chronic pain syndromes caused by prolonged periods of immobilizationWe all know that a forward head posture can cause headaches, neck/shoulder pain, TMJ, Depression and dysfunctional breathing patterns. But do we ever pay attention to our breathing habits?

No, not really not when your is head pounding from a migraine headache or when you have a sharp pain in your back. But truth be told the dysfunctional breathing patterns will affect, your health much deeper.

In a 2004 study done right here in California by the Journal of the American Geriatrics Society they measured the effects of a hyperkyphotic posture and rate of mortality in adults, I believe between 45-55. They discovered persons with hyperkyphotic posture had a 1.44 greater rate of mortality. Why? Because a hyperkyphotic posture was specifically associated with an increased rate of death due to atherosclerosis. Now of course this does not happen overnight, it is a slow progressive and cumulative process. According to the American Heart Association 81 million American suffer from some sort of Cardiovascular disease.

Dysfunctional Breathing:

Are you suffering from Silicon Valley SyndromeNow don’t get me wrong, I know that when these research companies dump enough money into a study and twist the findings, they can link anything. But as a massage therapist, I know how poor posture can limit your oxygen intake.

Your rib cage is not just mode of bones its surrounded by connective tissues and muscles that need to expand and relax in-order to get maximum circulation to your vital organs. And what do you think happens when, you sit for hours in this forward head posture? These supporting structures become chronically tight and restrictive.

I could not say this any better so, I am sharing this excerpt from, The Posture Clinic. Check out the rest of this article on their website.

Studies have shown a 30% reduction in oxygen intake in people with FHP. There are two reasons. First, when the head comes forward at a sharp angle, you use the scalene muscles in the neck exclusively to draw in air. This shallow type of breathing doesn’t make use of the diaphragm, and results in a lower volume of oxygen in the body.

You can try it for yourself. Push your head out as far forward as you can, then try to draw in a deep breath. You’ll notice how little air you’re capable of inhaling.

The second reason is the collapsing of the chest wall. When the head comes forward and shoulders round, the chest cavity hollows and compresses. When the ribcage presses down on lungs, the diaphragm can’t work optimally, and air capacity is significantly reduced. The Posture Clinic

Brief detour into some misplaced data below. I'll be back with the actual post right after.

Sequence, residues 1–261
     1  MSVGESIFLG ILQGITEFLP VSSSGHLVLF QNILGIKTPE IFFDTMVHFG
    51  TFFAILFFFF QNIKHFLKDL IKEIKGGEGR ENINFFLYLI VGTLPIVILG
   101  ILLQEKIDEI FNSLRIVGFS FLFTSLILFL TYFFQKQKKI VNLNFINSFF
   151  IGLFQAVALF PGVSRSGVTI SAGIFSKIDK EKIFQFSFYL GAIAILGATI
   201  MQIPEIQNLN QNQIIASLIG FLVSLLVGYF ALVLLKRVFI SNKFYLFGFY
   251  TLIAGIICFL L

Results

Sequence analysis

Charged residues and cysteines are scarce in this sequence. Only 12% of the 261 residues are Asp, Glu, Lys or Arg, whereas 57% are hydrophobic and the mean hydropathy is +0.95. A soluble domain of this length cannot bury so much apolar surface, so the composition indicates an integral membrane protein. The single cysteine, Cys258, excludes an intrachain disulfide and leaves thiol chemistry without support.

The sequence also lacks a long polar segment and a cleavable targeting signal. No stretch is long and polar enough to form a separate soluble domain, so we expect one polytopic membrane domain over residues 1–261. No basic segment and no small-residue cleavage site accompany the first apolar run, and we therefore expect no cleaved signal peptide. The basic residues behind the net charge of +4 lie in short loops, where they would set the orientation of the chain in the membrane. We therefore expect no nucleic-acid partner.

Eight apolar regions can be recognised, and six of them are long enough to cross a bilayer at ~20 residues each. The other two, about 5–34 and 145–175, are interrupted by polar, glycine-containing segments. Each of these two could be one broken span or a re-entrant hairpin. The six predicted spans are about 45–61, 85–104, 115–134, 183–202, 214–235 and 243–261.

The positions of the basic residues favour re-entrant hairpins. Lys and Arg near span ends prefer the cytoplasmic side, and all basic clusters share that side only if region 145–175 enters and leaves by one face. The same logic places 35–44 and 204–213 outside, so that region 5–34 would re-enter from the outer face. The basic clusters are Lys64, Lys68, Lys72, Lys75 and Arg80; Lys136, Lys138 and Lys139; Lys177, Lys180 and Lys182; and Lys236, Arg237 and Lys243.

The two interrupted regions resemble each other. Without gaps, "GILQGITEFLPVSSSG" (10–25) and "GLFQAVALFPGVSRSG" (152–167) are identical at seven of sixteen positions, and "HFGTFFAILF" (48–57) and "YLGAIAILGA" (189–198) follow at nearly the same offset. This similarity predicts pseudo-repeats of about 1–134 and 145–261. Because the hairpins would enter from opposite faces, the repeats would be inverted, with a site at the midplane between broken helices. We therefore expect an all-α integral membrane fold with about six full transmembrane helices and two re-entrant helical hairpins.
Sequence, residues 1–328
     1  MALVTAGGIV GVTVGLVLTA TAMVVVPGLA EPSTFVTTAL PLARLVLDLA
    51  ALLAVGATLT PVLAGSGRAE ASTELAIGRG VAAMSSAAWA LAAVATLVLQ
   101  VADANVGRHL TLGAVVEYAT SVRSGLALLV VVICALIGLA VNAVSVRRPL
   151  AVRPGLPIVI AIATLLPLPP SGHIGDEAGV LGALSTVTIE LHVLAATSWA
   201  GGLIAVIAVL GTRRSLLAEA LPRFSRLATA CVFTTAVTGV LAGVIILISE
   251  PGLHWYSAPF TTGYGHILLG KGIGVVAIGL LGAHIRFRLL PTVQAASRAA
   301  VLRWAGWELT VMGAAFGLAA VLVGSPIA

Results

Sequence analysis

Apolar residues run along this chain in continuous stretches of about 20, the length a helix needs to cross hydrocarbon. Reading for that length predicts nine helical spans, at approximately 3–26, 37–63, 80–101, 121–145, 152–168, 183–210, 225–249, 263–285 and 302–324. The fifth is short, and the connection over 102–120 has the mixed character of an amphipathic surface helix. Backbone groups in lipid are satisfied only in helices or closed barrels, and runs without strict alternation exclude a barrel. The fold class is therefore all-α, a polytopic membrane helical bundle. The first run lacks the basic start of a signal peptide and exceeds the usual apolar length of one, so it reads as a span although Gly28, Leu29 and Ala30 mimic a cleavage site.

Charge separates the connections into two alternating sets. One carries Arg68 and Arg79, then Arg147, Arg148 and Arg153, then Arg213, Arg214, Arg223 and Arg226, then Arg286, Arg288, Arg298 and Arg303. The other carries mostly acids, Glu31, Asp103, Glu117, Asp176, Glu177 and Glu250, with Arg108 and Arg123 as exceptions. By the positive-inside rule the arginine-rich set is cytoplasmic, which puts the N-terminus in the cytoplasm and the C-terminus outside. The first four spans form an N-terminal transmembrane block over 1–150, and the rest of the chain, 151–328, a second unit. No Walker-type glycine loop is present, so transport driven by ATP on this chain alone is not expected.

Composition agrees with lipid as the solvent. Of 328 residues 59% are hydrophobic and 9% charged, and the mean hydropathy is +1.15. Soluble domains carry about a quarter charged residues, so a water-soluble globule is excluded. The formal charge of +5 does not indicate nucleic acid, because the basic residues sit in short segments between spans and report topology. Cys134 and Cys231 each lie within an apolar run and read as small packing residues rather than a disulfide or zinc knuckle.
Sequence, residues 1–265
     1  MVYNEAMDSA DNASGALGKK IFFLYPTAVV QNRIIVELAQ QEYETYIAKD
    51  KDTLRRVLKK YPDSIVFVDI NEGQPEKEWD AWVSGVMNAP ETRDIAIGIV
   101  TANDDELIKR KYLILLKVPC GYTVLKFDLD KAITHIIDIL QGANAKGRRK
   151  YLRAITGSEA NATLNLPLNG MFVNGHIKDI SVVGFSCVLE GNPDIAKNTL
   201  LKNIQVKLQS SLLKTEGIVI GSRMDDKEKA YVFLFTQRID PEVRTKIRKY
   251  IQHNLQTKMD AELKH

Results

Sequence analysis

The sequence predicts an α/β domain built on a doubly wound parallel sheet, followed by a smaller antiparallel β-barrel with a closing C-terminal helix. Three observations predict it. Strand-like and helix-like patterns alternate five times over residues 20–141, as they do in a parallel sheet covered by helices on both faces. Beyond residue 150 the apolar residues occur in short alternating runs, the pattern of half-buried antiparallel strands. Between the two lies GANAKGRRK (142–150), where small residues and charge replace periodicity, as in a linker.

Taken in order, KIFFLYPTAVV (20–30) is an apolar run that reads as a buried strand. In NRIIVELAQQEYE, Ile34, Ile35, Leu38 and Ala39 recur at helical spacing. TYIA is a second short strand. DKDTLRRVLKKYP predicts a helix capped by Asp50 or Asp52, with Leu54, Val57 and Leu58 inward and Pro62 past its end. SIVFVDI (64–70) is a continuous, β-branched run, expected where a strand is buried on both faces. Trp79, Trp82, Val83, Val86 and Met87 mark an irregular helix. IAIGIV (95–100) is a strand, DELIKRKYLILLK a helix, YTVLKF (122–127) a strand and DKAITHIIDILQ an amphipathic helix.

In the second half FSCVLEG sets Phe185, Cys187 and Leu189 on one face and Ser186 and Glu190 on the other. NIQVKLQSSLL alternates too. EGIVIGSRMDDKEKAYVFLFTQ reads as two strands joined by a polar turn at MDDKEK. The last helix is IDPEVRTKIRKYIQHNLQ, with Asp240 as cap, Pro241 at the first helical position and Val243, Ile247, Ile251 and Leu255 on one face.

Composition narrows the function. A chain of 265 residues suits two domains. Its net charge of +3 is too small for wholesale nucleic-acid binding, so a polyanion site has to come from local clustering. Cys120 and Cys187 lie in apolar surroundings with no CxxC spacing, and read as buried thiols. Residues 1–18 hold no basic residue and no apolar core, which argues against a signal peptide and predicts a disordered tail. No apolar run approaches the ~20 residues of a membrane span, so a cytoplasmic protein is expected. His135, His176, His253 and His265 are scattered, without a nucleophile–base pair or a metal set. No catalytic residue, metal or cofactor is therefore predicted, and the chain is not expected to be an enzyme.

Repetitive Strain Injuries (RSI).

For repetitive stress injuries and inflammation use contrast bathAs more and more work, education and recreation involves computers, everyone needs to be aware of the hazard of Repetitive Strain Injury to the hands and arms resulting from the use of computer keyboards and mice.

This can be a serious and very painful condition that is far easier to prevent than to cure once contracted, and can occur even in young physically fit individuals. It is not uncommon for people to have to leave computer-dependent careers as a result, or even to be disabled and unable to perform tasks such as driving or dressing themselves.

Beyond the Physical Pain

Psychological distress (depression and anxiety) make pain seem worse as this creates a vicious loophole as feeling emotionally depressed decreases physical activity and increase poor sleep and eating habits. Chronic pain, regardless of its source, leads to a cycle of increasing depression and reduced physical activity. Reduced physical activity reduces pain in the short term but increases it in the long term

What You Can Do…

  1. Deep Tissue corrective massage work – is necessary to loosen up the contracted muscles that support the rib cage and allow it to expand.
  2. Strengthening & Stretching exercise programs –  is necessary to stay active not staying active will limit mobility.
  3. A Good Nutrition Plan – is necessary to reduce inflammation and cholesterol

Correcting a forward head position when, you have been this position for years is not an easy fix but you can definitely choose to slow down the process from getting any worse because it will. Not only will your pain symptoms decrease from better posture but your health and vitality will also improve. And for athletes getting that extra oxygen rich blood into, your lungs and muscles when you are doing your event or activity will only improve performance and efficiency.